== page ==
The entry reads:

(proscribed) any idiomatic expression or set phrase

Is this sense really "proscribed"? By whom/which community? There's ample usage in the literature.

For example, the two essays in Wang (1923), i.e. the 《觀堂集林》 by Wang Guowei titled 《與友人論詩書中成語書》 (Letter discussing idiomatic expressions in the Shi and Shu with a friend).

古人成語成語意義其中分別意義不同 [MSC, trad.]
古人成语成语意义其中分别意义不同 [MSC, simp.]
From: (Wang 1923)
Gǔrén pō yòng chéngyǔ, qí chéngyǔ zhī yìyì, yǔ qízhōng dānyǔ fēnbié zhī yìyì yòu bùtóng. [Pinyin]
The ancients were versed in idioms (or "set phrases") whose meaning are distinct from those of the individual components.

Examples given there include

  • 不淑, 不弔 (which can be traced to the same early orthography) - literally, "not good"; idiomatically, "unfortunate; calamity-striken"
  • 陟降 - literally, "to ascend and descend; to go up and down"; idiomatically, "to come and go > to go"; which gave rise to 陟恪, 登假 (dēnggé), 登遐 etc., "to pass away"
  • etc.

Obviously the usage of 成語 doesn't match the first sense ("chengyu") but matches the second (proscribed) one perfectly.

Other similar usages: from the book 《尚書覈詁》 by 楊筠如, gbhits: https://books.google.com/books?id=pRwoAQAAMAAJ&focus=searchwithinvolume&q=%E6%88%90%E8%AA%9E

  • 荒寧,古成語
  • 庸釋,古成語,謂舍棄之意。
  • 會紹,當是成語。 (OCR scanno *繪紹 in the ghit)
  • 追孝,古成語

Cf. definition from the MoE Mandarin dictionary: https://www.moedict.tw/%E6%88%90%E8%AA%9E


The key in this definition is 簡短有力 (short and expressive), 固定詞組 (set phrase), and 而非單純使用字面上意思 (not used for the literal meaning). This looks like a dictionary definition of idiom.

Proposed solution: change the label "proscribed" to "uncommon"; unless we can find the actual proscription for this sense. --Frigoris (talk) 11:29, 7 May 2021 (UTC)

P.S. this is based on my personal lack of experience of being proscribed by anybody except Wiktionary about such usage. --Frigoris (talk) 11:43, 7 May 2021 (UTC)
  • Thank you for picking up on this @Frigoris. I think I might have been the one who added that proscription note many years ago when I was less experienced as an editor. It is probably inaccurate, unless we can indeed find proscriptions in the literature. That being said, AFAIK 成語 does not denote an idiom as is understood in English — i.e. an idiomatic expression of any kind and any language. Rather, it is limited to chengyu originating in Classical Chinese. For example, a native Chinese speaker would not describe 喪文化 as a 成語, even though it can be described as one in English, as it means more than the sum of its parts. ---> Tooironic (talk) 23:37, 7 May 2021 (UTC)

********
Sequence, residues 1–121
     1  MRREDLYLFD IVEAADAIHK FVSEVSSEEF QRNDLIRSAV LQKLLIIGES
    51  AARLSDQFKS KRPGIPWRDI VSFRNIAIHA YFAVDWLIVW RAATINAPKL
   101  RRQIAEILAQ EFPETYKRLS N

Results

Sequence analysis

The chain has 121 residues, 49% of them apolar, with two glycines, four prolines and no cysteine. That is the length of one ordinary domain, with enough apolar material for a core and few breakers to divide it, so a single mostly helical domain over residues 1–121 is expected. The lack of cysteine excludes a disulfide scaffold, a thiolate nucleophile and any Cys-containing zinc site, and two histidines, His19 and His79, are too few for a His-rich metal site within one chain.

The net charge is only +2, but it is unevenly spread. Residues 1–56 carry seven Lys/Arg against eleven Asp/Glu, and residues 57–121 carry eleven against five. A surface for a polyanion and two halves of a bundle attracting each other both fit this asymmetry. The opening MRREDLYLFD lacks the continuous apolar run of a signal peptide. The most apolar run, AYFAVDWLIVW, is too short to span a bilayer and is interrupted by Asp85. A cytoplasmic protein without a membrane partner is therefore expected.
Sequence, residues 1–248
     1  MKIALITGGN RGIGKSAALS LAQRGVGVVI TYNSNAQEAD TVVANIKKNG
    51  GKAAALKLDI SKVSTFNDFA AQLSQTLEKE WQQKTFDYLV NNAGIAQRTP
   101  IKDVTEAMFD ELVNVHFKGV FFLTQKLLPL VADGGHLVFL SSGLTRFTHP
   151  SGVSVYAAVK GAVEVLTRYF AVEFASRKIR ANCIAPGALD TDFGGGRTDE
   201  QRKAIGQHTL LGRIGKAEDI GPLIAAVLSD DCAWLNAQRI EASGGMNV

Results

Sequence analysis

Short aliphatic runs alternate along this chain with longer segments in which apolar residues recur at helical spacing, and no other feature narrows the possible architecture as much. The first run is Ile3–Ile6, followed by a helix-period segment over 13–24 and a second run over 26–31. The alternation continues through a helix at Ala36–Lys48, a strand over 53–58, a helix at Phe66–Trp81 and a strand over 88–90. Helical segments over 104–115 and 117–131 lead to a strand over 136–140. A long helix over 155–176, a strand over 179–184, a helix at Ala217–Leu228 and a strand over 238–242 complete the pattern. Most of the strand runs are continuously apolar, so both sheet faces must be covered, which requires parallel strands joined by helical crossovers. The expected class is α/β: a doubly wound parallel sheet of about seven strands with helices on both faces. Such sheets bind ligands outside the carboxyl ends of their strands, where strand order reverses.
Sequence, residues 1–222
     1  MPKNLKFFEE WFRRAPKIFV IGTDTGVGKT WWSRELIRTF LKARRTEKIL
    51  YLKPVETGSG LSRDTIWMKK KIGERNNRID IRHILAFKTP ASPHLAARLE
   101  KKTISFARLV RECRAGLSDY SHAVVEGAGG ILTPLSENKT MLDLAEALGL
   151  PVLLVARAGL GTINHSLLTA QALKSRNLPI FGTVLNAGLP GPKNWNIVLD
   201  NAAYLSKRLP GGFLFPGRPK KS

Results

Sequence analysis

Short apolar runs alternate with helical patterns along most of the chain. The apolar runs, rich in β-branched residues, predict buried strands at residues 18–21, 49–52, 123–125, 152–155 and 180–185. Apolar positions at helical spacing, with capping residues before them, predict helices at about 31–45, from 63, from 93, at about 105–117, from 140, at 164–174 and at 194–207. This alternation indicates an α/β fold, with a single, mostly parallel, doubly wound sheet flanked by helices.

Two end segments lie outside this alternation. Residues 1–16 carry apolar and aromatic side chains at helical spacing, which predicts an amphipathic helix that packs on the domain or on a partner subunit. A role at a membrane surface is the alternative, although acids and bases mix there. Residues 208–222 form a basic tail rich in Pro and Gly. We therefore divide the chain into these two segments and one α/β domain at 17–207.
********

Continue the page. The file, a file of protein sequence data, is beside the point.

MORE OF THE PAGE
straight fiction, straight play[edit]

I've often seen the term straight fiction (or straight novel) used to refer to the complement of genre fiction (sci-fi, mystery, etc.). People also use the term straight play to denote a 'regular' play (as opposed to a musical). Are these idioms worthy of entries, or is there a common sense of straight at play here? We have a couple somewhat related senses at straight:

  • 7. Serious rather than comedic. (as in "he played both straight and comedic roles")
  • 13. Conventional, mainstream, socially acceptable. (as in "He always had a straight job")

I suppose we could add a sense like "Not belonging to any specialized genre". But I don't think that would be enough for a reader to deduce the meaning of straight play, since the term does not exclude comedic plays, or tragedies, or any other genre except the musical.

It seems like there's a macro-sense at play of unmarked or "normal", which in turn encompasses the other specialized meanings including "serious rather than comedic", "heterosexual", "not plus size", etc.

Anyways, I'm leaning toward creating standalone entries for straight fiction, straight novel, and straight play, since it seems like these are fixed phrases without close correlates. Colin M (talk) 16:31, 7 May 2021 (UTC)

Even if there is such a sense in the adjective, the compound would be idiomatic, innit, and corresponding terms are not decomposable alike so an entry is demanded by WT:THUB considerations, otherwise depicting foreign usage at the adjective would be complicated – it is better to translate the whole collocation. Fay Freak (talk) 18:03, 7 May 2021 (UTC)
Not really. Compounds can go forever: you could have a "straight mystery play" etc. An entry for every combination is suicide. Equinox 18:50, 8 May 2021 (UTC)